Raid Gaza! Editorial Games and Timeliness

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Raid Gaza! is a new editorial game about the Gaza crisis. Like editorial games should, it takes a strong position. But unlike so many, it also offers coherent gameplay that is related to the conflict it critiques.

The game argues against the justification of Israeli attacks on Gaza, representing them as unprovoked and characterizing Israel's response as overt aggression. The game's goal is to kill as many Palestinians as possible in a three minute session. The game begins with a quote from Ehud Olmert on "minimizing the number of Palestinans" in Gaza. The game connects the dots in the statement, suggesting that minimization implies killing. As shown above, special rewards are offered for occasional attacks on civilian targets. A creepy muzak-like instrumental version of the Carpenter's "Close to You" plays throughout.

Casualties are counted and always number overwhelmingly Palestinian. Furthermore, Israeli material resources are significant, allowing the construction of soldiers, tanks, missiles, and planes for defense, although the player can only use them for offense. Constructing a headquarters allows the player to increase the speed of construction of military resources (allowing more rapid attacks in the limited time the game allots. The headquarters also facilitates the requests for foreign aid. Such aid, when requested, will always be rewarded, a pretty clear commentary on the world's position with respect to the Middle East. 
The game is headstrong, suffering somewhat from its one-sided treatment of the issue at hand. But as an editorial, it is a fairly effective one both as opinion text and as game. It is playable and requires strategy, the exercise of which carries the payload of commentary. It's release on user-contributed animation and games portal Newgrounds came on 30 December 2008, only three days after the Israeli Defense Forces launched airstrikes as a part of "Operation Cast Lead." The rapidness with which the game was developed, combined with its relatively sophisticated ability to mount commentary through gameplay, underscore one of the biggest issues with editorial games.
As is the case for other forms of editorial, one important property of editorial games is timeliness. Whether through simple humor, poignant satire, or biting commentary, editorial prose, cartoon, or television segment takes advantage of the "nowness" of current events to open a critique underlying them.

Videogames pose a problem for timeliness. They are hard to create and release quickly such that they are also meaningful, something that is not necessarily true of the written or spoken word, or even of the hand-drawn picture. 

Indeed, newsgames produced very rapidly, like the many small ones about the recent George W. Bush shoe throwing incident, risk becoming tabloid games, little meaningless pointers that commemorate an event only to draw attention to it rather than to comment upon it. These games often capitalize rhetorically: the payload of a game about throwing a shoe at President Bush is the very idea of a game about such a thing, rather than any kind of commentary on the event or its meaning.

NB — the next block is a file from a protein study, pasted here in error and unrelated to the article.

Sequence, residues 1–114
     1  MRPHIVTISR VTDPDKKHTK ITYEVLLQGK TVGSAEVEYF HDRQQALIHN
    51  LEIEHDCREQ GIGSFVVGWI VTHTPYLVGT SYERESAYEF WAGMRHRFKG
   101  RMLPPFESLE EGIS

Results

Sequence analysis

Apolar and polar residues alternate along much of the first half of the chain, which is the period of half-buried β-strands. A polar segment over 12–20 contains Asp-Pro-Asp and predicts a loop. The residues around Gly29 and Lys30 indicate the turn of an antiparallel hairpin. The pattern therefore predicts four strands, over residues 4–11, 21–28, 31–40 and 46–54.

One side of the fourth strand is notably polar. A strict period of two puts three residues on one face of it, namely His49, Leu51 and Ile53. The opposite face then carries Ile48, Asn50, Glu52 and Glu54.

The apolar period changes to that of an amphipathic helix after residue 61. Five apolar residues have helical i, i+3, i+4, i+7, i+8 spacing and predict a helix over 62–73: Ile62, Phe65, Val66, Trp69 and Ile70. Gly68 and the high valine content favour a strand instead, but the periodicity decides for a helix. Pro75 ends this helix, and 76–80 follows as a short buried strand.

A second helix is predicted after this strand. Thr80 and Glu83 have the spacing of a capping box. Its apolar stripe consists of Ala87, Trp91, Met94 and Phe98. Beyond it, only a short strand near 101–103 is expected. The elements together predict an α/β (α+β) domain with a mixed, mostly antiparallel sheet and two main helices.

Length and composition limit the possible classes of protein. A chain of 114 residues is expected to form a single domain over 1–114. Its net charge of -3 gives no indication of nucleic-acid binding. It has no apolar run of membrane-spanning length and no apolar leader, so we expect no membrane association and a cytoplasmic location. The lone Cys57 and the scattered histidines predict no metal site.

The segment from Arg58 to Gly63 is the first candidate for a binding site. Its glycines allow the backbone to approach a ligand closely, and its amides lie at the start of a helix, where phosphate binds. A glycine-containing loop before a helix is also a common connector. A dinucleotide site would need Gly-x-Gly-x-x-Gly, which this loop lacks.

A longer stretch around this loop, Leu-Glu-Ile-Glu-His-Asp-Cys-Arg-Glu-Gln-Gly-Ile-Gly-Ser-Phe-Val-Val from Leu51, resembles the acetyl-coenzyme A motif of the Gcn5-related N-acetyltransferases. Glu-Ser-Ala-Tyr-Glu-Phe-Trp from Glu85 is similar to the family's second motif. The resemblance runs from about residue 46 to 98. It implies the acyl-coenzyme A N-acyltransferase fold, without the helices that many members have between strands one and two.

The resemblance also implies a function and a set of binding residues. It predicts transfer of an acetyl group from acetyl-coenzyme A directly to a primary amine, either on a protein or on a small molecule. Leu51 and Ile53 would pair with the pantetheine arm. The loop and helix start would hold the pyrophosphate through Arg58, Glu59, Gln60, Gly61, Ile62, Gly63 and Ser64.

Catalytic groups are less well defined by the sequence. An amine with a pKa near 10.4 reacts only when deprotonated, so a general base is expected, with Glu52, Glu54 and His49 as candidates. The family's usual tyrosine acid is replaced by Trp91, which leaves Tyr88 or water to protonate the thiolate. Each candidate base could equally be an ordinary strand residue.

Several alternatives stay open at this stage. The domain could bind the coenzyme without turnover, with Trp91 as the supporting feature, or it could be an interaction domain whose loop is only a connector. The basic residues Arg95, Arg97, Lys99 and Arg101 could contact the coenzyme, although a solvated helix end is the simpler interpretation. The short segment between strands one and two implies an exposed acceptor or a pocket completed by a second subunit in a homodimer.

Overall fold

One of the challenges with timely editorial games is coherence. A coherent written argument or verbal riff can be penned by a competent writer in hours, perhaps even moments. Games that really critique an event demand more time. An extreme example is Gonzalo Frasca's Madrid, which was created just 48 hours after the March 2004 train bombings in that city, but which is not a mere tabloid game. In my own experience making editorial games, ten days to two weeks was as far as I was able to constrain the development process. 

The results weren't always entirely successful. A case in point is Oil God, a game about the global oil market of late fall 2006. The game made the commentary I'd hoped for (simultaneous natural disaster and political unrest are the most reliable causes of petroleum market destabilization), but it was terribly unbalanced and sometimes broke outright. This was a side-effect of the design's genre: a simulation in which many variables were at constant play. Balancing such a game is a delicate and lengthy process, one that we could not accomplish in the two-week development cycle.

Raid Gaza! was probably not created by a journalist nor a professional game developer (it was submitted to Newgrounds eponymously). Still, the piece was timely, coherent, and exerted commentary that is appreciable, even if it is not profound. The challenge for news organizations interested in creating or publishing editorial games is in developing internal or external expertise able to work under such constraint. Creating such a situation is more easily said than done, a topic to which I will return in future posts.

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Then there is this game y'all might be interested in, its called GAZA DEFENDER: